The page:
Awards : 2001 Newbery Medal
Subject Area : Language Arts
Reading Level : 4.9
Fifteen-year-old Mary Alice is a long way from Chicago — again. After spending a memorable summer with crazy Grandma Dowdel in rural Illinois, she returns to this "hick town" for a yearlong stay. Against the backdrop of the Great Depression, award-winning author Richard Peck paints a heartwarming and humorous picture of country life, seen through the eyes of a displaced city girl. Through all the characters' wild adventures (and misadventures), Peck shows that when times are tough, laughter is the best remedy.
Students will personally connect with characters. As a result, they will enhance their understanding of how to write from a character's perspective.
Standards: Makes connections between the motives of characters or the causes for complex events in texts and those in his or her own life. Understands elements of character development (e.g., development of characters through their words, speech patterns, thoughts, actions).
Ask students to write in their journals about a time when they were in a new place or situation.
Use the following prompts to get started:
Where were you?
Why were you in this new place/situation?
How did you feel?
What did you think, wonder, worry about?
How did you adapt to the new situation?
For example, students might write about their first day in a new school or moving to a new home, city/town, or country. Encourage them to be detailed and descriptive in their writing.
Discuss as a class what it feels like to be in a new situation. Students may wish to share some of their responses to the Warm-up Activity.
- Discuss how Mary Alice, who used to live with her parents in Chicago, felt staying with Grandma Dowdel in rural Illinois. How did she react to this new place and situation? Ask students to use specific passages and details from the book to prove their points. Introduce the figurative expression "like a fish out of water." Do students feel this is an accurate way to describe Mary Alice's situation?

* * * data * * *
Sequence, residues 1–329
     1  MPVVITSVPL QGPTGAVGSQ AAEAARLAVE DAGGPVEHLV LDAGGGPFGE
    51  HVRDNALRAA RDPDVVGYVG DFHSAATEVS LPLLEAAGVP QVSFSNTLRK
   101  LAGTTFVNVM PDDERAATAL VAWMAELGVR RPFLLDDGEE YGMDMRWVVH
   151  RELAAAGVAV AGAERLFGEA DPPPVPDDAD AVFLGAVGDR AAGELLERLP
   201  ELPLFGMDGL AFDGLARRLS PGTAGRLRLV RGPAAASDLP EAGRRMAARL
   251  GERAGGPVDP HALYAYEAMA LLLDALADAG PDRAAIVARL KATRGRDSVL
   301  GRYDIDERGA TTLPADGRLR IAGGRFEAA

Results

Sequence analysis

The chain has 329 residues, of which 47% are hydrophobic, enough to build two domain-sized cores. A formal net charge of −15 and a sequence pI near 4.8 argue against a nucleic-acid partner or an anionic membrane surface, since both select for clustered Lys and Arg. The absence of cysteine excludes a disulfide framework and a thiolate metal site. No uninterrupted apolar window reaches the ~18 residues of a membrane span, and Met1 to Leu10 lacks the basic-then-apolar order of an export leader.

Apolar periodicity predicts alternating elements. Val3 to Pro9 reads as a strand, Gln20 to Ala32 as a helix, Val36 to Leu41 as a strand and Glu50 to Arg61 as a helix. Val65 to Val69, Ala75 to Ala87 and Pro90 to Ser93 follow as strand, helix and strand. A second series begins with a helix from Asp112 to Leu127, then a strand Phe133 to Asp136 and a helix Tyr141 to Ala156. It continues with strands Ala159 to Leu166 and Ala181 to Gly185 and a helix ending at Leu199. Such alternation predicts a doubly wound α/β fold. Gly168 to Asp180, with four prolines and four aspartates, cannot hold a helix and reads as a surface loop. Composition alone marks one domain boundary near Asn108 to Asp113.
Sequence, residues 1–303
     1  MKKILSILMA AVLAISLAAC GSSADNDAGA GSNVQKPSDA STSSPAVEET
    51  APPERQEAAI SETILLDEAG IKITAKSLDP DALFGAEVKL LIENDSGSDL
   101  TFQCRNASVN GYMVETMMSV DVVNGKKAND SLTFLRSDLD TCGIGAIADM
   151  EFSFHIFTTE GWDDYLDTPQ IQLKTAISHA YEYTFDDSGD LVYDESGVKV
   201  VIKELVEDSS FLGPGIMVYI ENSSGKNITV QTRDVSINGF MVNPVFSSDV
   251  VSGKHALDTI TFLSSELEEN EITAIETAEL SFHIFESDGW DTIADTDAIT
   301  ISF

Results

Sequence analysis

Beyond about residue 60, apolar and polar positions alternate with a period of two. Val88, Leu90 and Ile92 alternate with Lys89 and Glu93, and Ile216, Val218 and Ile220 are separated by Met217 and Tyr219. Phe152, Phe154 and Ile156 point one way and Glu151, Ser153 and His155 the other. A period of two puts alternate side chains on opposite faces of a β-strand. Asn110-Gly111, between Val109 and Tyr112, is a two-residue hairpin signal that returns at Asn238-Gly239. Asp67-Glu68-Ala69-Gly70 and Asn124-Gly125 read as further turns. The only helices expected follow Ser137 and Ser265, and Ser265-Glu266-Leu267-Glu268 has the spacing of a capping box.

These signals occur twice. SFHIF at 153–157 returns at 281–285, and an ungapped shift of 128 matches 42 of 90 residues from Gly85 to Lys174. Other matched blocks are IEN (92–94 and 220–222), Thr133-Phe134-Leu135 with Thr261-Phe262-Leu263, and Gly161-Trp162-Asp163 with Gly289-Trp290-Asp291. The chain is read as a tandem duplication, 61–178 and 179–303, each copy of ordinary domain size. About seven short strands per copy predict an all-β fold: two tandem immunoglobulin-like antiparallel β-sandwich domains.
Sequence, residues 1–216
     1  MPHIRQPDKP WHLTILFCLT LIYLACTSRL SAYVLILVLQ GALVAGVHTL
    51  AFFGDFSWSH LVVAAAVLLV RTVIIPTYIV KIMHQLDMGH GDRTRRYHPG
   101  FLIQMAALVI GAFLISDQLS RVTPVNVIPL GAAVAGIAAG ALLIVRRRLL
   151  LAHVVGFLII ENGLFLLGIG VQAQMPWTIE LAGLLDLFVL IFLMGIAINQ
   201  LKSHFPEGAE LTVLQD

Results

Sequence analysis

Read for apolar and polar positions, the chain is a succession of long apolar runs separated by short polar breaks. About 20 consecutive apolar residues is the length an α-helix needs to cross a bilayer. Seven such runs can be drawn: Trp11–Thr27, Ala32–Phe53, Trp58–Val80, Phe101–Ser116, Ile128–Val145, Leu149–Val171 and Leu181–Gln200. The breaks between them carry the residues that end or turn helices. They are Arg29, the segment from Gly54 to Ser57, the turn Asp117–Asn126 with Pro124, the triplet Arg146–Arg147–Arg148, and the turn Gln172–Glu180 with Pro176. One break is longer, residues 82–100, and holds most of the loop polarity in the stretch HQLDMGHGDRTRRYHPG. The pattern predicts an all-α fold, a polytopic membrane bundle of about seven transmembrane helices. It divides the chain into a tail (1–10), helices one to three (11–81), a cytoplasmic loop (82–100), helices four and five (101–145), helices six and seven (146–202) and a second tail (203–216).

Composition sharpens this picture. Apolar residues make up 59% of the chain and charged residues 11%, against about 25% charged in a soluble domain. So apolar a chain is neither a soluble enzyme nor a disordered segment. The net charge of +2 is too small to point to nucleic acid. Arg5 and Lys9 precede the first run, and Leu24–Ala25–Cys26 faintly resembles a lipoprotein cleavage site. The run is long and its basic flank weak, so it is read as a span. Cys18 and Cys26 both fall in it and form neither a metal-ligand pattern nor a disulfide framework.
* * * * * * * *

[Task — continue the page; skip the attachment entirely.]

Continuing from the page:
- During the story, Mary Alice mentions that while she wrote back and forth to her mother and father, she "didn't tell them everything" about life with Grandma (p. 116). Write a letter from Mary Alice to her mother telling about a significant event or memorable moment from her "year down yonder." For example, students might write about Mary Alice's arrival in the town, the first day of school, Halloween, or one of Grandma's late-night adventures. Remind students to write from Mary Alice's perspective. Include her thoughts and feelings at the time. Would she tell her mother the whole truth? Or would she omit certain details? Get inside her head and be creative! During the writing process, students will draft, revise, edit, and finally publish their work. They can also address and design envelopes to "send" their letters.
Have students swap letters and write responses from the mother's point of view. How would Mary Alice's mother react? What would she say? What is on her mind back home in Chicago?
Other Books About New Surroundings
Because of Winn-Dixie
by Kate DiCamillo
A young girl moves to rural Florida with her preacher father and makes friends with a lovable dog. As she adapts to her new life, she learns about the importance of friendship and acceptance.
Hope Was Here
by Joan Bauer
A young girl moves to a new town and becomes involved in local politics.
Other Books by Richard Peck
A Long Way From Chicago
Strays Like Us
Are You in the House Alone?
Secrets of the Shopping Mall
The Ghost Belonged to Me
Teaching plan written by Lauren Gold